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UAS Program Attends FAA UAS Symposium 2018

The Federal Aviation Administration (FAA) and the Association for Unmanned Vehicle Systems International (AUVSI) will co-host the FAA’s 3rd annual Unmanned Aircraft Systems (UAS) Symposium on March 6-8, 2018 at the Baltimore Convention Center.

The 2018 UAS Symposium provided stakeholders with the opportunity to talk face-to-face with a cross-section of government and industry representatives about regulations, research and initiatives to integrate unmanned aircraft systems (UAS) into the National Airspace System (NAS).  This year’s agenda (attached) was based on stakeholder feedback and focuses on industry partnerships, as well as, how to overcome technical challenges to safe UAS operations. The FAA operated a resource center during the symposium to provide technical support on authorizations, waivers, Part 107 requirements, and other policies and regulations.  CAPT Phil Hall, NOAA, Dr. Hernan Garcia and John “JC” Coffey are shown in attendance at the FAA UAS Symposium (photo).  The FAA will be posting the presentations and some videos on their website:  Highlights included:

  • The welcome address from Catherine Pugh, Mayor of Baltimore, Brian Wynne, President & CEO, Association for Unmanned Vehicle Systems International, Michael Kratsios, Deputy Assistant to the President and Deputy US Technology Officer, Executive Office of the President and Dan Elwell, Acting Administrator, Federal Aviation Administration.
  • The FAA Leadership Panel
  • Setting the Stage where key FAA administrators provided insights into the challenges the FAA faces with competing priorities and the importance of working as a community to move forward on UAS integration.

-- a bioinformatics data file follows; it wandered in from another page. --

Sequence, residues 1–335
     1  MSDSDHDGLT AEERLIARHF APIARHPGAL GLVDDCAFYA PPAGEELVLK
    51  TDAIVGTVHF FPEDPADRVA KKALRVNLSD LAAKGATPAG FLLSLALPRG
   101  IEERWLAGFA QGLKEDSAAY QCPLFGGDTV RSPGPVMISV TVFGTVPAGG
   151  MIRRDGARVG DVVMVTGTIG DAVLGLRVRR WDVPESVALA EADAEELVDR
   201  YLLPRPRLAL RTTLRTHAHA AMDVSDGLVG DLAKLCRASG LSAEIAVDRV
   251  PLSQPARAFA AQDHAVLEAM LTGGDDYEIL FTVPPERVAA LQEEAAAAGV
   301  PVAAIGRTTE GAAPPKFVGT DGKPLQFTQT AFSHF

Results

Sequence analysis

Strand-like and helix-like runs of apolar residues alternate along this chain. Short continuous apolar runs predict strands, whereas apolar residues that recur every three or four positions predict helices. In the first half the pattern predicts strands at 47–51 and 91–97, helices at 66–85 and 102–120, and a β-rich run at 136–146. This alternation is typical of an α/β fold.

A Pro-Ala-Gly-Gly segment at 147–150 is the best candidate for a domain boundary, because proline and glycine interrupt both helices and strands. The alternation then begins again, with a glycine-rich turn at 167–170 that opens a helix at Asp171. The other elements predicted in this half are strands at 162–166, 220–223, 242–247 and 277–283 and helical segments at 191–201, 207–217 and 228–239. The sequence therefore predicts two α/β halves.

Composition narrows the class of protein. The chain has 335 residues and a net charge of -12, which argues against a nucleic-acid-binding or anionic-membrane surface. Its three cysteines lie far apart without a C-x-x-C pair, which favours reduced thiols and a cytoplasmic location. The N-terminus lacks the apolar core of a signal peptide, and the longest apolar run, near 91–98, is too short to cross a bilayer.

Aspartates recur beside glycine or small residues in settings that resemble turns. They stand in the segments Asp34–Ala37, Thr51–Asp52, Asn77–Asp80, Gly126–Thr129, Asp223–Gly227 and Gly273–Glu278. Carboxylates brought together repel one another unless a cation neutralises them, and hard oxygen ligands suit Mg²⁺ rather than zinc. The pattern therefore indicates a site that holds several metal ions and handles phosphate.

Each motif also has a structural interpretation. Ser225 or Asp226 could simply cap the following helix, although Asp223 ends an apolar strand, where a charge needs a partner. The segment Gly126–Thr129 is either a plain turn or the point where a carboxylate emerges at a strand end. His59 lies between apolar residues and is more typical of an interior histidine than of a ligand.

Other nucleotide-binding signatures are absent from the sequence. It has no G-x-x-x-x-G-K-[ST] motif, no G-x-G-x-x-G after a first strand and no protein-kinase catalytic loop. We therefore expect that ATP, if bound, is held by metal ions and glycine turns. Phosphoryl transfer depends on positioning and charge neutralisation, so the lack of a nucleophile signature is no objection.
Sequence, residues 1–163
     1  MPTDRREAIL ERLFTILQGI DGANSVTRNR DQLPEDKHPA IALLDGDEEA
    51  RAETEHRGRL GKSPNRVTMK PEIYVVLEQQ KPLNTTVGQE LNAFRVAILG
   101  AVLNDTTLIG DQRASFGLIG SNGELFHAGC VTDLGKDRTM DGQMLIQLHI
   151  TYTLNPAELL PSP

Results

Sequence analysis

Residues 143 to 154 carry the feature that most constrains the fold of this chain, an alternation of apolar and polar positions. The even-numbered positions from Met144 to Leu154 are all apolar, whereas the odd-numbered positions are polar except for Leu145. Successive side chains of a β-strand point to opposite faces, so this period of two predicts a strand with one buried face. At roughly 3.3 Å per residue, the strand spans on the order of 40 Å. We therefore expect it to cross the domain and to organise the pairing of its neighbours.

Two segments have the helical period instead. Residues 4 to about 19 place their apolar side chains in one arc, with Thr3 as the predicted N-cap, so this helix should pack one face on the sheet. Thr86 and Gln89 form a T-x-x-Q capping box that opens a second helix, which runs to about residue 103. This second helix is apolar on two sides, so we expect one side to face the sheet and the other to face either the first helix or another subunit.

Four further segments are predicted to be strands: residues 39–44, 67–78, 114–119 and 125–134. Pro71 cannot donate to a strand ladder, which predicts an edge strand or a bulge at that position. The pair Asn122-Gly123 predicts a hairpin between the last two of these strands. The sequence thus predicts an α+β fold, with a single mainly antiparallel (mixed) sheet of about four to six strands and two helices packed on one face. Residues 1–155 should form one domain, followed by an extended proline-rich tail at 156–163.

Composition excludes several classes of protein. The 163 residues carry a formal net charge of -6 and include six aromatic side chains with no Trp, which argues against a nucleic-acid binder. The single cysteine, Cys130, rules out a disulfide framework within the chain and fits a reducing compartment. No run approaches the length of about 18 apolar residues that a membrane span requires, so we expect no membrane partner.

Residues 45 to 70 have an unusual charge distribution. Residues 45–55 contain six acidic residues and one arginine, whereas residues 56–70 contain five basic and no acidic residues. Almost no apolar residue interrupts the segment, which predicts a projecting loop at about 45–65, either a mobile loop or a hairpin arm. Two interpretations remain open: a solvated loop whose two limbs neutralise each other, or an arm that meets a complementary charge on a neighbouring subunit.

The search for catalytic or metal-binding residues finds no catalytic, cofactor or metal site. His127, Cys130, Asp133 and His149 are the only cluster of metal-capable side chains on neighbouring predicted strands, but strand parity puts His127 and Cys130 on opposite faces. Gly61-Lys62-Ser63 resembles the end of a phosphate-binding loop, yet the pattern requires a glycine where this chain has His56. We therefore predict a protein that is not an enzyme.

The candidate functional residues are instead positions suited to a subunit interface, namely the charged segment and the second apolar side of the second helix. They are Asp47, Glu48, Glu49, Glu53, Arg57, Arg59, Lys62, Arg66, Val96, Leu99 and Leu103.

• The workshop on UAS Rulemaking where FAA officials provided a glimpse into the FAA’s rulemaking process and explained the external factors that impact timelines and outcomes.
  • The Understanding Remote Pilot Responsibilities workshop that addressed the risks to nonparticipants on the ground and to other aircraft sharing airspace with them in the NAS.
  • The workshop on Flying in the National Airspace System Today that provided various methods operators can use to gain access to the NAS and the specifics related to each type of operation including processing criteria, application requirements, and operator requirements.
  • The lunch panel dedicated to UAS in Today’s NAS where FAA senior leaders outlined the Agency’s UAS integration philosophy, the framework for operations today, and its vision for a future regulatory structure.
  • The policy discussion: The Future of UAS Remote Identification that provided you with an update on rulemaking efforts and obstacles to rulemaking.
  • The Conducting High-Altitude Operations Policy Discussion that outlined how the FAA is working with industry to develop standards for high altitude UAS operations for surveillance, communications, and internet service. 
  • The interactive Drone Safety Policy Discussion that offered strategies for fostering cross-platform education and communication that can be employed to encourage safe operations, best practices, and responsibility within the unmanned arena.
  • Dreaming of Electric Sheep where industry leaders spoke about the next phases of their research, technology, and operational developments.
  • The policy discussion: Drones and Public Safety
  • Useful Tool or Public Nuisance? where we explored possible applications and challenges for using drones in public safety work, and considered policy and best practice improvements for government and industry.
  • The workshop on Autonomous Vehicles where industry leaders highlighted the lessons learned from unmanned vehicle technology and regulation and applies them to the UAS industry.

“The message of this whole conference is, the FAA is open for business,” said Derek Kan, undersecretary for policy at the U.S. Department of Transportation, summing up the Federal Aviation Administration’s stance at the third annual FAA UAS Symposium, cosponsored by AUVSI.

The FAA officials said repeatedly that they want to talk to industry about ways to help companies achieve their goals, including for beyond-line-of-sight flights and package delivery.

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